Laura Jones: Fast-food restaurant jobs are hard to fill
Have you ever wondered what it’s like to hire people to staff a fast-food restaurant? I recently spoke to someone who does just that for a number of restaurants in the Vancouver area. She told me she feels lucky if she gets one candidate to show up for every five job interviews booked. The no-shows don’t even bother to let her know they aren’t coming.
One applicant looked really good on paper and kept applying for the jobs she was advertising, but she could not track him down. When she got a call from the Employment Insurance (EI) office asking if that applicant had applied for her job, she understood why. A condition of getting your EI benefits is looking for work. It seems this applicant was more interested in collecting his EI cheque than a paycheque.
In response to challenges like these, small business owners report trying a number of strategies, including increasing wages, expanding benefits, and providing more flexible hours.
But there are limits to how far these strategies can go because customers demand reasonable prices and convenient hours. Doubling wages might attract more applicants, but a business that tries to charge $50 for a pizza? A business with no customers won’t be in business for long. Offering more flexibility is also challenging because while employees might prefer not to work shifts when they are most needed.
So for many employers there is a gap between the jobs they can reasonably offer and the jobs that enough Canadians want to do. In fact, 81 percent of small- and mid-sized companies that were looking to hire in the past three years said it was “somewhat” or “very” difficult. Demographics suggest that in the coming years this problem will get worse.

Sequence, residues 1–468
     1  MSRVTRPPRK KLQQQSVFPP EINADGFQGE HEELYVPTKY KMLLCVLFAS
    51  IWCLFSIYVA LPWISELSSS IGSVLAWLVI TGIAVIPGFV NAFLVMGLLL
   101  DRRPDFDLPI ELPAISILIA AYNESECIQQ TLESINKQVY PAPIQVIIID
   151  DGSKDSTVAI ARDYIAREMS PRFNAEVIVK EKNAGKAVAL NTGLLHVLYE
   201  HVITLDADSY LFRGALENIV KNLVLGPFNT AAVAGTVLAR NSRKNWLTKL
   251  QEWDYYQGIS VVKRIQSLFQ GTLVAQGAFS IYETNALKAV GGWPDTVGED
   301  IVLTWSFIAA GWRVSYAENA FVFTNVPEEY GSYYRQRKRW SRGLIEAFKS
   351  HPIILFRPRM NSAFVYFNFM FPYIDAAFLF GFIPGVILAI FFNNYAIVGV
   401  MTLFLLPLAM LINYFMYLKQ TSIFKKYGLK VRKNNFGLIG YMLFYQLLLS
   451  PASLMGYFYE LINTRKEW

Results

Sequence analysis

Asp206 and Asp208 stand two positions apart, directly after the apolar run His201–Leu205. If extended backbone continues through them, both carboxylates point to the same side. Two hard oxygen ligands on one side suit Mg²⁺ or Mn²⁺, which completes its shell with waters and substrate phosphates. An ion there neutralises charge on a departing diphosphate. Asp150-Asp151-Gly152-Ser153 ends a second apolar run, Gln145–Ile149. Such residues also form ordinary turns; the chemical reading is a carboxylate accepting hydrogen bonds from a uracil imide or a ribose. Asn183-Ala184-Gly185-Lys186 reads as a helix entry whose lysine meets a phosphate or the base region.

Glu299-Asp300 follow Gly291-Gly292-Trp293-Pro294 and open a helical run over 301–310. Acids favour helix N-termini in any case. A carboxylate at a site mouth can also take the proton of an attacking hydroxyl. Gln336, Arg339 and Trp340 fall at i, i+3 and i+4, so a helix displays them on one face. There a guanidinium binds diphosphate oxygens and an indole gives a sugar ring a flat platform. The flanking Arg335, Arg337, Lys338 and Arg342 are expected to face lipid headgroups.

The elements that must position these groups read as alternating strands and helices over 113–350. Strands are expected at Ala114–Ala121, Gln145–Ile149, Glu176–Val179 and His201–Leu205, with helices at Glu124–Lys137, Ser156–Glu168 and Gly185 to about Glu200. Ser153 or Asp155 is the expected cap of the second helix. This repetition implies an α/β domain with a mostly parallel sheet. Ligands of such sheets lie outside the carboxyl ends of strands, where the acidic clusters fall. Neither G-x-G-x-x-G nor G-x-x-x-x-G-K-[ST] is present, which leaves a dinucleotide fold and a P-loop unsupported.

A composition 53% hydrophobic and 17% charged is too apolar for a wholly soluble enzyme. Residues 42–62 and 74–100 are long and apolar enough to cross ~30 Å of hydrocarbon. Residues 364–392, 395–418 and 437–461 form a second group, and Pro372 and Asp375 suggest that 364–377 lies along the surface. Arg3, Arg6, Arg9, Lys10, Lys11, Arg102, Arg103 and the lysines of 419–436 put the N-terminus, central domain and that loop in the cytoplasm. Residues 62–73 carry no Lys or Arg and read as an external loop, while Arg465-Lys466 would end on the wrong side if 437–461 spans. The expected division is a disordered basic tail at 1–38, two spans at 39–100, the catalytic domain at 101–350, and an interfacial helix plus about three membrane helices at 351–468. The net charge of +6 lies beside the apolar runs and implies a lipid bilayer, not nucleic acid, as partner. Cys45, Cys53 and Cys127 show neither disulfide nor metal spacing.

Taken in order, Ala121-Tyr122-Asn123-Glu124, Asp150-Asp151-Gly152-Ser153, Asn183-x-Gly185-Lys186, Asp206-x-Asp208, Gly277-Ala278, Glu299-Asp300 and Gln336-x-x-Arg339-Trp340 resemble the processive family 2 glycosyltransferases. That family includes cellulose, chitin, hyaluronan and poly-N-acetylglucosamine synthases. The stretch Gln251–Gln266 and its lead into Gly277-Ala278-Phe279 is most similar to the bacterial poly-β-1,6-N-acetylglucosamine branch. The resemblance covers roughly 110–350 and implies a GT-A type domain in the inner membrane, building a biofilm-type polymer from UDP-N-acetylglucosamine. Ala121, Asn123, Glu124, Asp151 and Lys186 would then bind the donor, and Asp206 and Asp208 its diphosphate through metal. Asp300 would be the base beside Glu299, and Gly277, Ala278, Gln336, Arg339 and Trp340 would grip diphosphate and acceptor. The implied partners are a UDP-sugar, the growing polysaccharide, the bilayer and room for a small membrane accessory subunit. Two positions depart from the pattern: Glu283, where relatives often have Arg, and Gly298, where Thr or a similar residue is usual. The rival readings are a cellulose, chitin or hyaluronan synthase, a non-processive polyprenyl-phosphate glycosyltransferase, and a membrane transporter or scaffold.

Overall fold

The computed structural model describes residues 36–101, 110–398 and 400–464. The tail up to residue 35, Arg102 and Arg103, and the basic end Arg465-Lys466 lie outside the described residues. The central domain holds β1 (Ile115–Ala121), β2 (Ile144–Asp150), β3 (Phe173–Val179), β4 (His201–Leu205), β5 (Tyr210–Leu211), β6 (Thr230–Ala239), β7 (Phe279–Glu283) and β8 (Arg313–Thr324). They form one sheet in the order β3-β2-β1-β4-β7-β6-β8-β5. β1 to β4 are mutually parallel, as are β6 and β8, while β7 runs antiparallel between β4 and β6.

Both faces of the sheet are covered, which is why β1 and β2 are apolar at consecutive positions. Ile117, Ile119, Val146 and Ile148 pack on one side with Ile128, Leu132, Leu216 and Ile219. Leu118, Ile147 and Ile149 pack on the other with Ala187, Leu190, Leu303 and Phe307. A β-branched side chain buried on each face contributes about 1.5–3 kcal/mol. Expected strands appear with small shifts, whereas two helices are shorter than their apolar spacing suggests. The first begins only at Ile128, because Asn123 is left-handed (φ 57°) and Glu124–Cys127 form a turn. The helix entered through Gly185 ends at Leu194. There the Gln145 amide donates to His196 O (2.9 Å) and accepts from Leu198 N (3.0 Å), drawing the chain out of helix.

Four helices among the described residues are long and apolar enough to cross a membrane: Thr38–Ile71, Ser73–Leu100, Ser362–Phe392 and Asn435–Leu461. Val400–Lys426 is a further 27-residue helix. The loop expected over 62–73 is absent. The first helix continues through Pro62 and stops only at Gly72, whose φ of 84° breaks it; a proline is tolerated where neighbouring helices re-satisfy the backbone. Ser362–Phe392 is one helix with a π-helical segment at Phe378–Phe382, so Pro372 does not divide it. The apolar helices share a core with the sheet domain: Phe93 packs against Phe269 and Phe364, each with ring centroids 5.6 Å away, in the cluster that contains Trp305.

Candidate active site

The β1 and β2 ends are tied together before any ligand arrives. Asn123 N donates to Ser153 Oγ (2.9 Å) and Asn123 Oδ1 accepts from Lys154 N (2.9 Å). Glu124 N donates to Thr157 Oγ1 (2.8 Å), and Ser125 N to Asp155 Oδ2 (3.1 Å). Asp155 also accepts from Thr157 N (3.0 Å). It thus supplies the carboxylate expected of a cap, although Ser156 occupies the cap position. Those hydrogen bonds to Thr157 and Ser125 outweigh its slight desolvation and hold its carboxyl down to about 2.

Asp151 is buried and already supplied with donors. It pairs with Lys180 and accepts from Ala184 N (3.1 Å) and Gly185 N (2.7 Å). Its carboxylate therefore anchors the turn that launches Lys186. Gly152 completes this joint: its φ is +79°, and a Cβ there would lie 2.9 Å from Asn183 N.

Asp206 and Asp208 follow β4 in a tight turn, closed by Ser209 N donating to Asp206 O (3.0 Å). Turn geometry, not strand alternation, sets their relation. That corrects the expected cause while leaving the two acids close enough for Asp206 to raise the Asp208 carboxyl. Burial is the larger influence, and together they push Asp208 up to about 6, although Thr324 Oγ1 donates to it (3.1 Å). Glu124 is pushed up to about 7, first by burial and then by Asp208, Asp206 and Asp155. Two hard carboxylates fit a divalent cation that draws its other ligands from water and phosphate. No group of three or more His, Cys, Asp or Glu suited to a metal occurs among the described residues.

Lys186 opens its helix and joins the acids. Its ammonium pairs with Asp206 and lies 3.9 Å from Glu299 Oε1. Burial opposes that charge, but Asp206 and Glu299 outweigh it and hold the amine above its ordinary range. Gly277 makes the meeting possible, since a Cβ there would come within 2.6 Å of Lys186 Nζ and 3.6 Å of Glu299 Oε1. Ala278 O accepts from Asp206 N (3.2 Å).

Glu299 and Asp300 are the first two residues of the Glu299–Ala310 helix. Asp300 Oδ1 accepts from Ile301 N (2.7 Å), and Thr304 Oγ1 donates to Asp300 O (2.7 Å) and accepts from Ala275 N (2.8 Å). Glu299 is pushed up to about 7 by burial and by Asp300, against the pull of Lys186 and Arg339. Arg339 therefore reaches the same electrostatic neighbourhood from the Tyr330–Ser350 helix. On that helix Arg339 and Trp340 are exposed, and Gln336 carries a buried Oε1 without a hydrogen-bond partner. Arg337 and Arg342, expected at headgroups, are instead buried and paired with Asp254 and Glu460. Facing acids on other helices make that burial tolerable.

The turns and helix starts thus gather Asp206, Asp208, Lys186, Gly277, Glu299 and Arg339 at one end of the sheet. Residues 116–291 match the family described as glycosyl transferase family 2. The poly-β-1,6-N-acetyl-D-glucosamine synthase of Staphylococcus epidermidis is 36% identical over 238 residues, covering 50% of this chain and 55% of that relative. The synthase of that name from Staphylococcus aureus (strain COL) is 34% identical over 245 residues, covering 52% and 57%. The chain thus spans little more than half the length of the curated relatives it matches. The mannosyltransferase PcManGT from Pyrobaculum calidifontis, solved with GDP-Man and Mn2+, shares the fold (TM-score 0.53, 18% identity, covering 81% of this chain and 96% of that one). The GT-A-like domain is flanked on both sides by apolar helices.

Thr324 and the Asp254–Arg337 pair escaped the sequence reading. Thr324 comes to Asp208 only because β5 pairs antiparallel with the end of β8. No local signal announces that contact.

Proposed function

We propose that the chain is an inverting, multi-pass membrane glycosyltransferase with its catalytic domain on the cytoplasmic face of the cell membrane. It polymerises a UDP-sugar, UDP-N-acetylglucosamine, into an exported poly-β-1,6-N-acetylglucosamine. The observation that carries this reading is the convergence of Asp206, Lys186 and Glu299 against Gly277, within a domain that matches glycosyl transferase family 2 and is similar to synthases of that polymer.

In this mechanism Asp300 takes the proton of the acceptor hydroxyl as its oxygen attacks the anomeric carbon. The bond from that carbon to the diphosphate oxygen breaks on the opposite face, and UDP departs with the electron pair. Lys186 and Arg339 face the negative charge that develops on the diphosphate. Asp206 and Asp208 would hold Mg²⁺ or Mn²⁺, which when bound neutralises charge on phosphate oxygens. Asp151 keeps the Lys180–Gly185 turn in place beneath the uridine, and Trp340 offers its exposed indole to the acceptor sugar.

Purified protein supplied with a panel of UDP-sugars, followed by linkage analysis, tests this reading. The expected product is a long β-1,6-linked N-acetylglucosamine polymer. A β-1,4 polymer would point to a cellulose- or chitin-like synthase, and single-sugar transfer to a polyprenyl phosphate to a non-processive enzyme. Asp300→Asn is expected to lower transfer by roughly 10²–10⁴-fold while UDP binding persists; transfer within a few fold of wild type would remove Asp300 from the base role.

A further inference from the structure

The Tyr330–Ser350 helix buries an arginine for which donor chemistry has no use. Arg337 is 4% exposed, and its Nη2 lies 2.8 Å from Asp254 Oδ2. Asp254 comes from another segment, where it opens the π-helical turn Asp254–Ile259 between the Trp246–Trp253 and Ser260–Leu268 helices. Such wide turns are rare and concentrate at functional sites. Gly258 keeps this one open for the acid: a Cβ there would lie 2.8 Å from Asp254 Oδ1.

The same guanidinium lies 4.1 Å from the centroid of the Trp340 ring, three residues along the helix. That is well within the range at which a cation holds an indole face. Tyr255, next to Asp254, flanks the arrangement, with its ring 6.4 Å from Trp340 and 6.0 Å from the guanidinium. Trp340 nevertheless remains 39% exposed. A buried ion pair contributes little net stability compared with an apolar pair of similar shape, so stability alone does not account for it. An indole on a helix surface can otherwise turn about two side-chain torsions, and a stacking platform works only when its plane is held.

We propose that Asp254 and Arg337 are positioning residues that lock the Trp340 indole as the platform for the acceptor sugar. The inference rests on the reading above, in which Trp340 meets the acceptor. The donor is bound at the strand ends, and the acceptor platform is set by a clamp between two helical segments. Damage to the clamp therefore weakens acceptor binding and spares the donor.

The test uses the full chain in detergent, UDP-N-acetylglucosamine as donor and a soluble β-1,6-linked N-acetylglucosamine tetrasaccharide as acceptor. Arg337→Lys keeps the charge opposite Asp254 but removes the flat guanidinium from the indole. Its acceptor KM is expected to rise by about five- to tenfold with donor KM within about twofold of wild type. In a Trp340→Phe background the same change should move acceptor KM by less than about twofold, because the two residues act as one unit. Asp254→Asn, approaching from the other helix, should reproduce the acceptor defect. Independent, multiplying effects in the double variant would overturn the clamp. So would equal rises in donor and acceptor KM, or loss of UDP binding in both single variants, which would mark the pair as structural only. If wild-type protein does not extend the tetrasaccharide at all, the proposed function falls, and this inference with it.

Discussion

In desperation some small businesses have turned to the Temporary Foreign Worker Program and hired employees from outside of Canada. This is an expensive option, not for the faint of heart, as it involves a lot of paperwork and expense.
Recent media stories allege that a few restaurants have abused the program. Of course, any abuse should be treated seriously, just as abuse of the EI system should be treated seriously. Individual cases should be investigated and dealt with.
But to conclude that a handful of alleged cases of misuse constitutes widespread employer abuse is an insult to the vast majority of small businesses that are doing a good job of treating employees fairly and serving their customers well.
The business owners I talk to believe their entry-level jobs are a great first rung on the ladder of opportunity for many of their staff. They are excited to see their entry-level employees show initiative, move up quickly to become managers, or use their experience to move on to other opportunities.
The Vancouver hiring manager I recently spoke with was passionate about the dignity and importance of jobs that serve the public. She wants to hire Canadians first. But the reality is they don’t always want the jobs.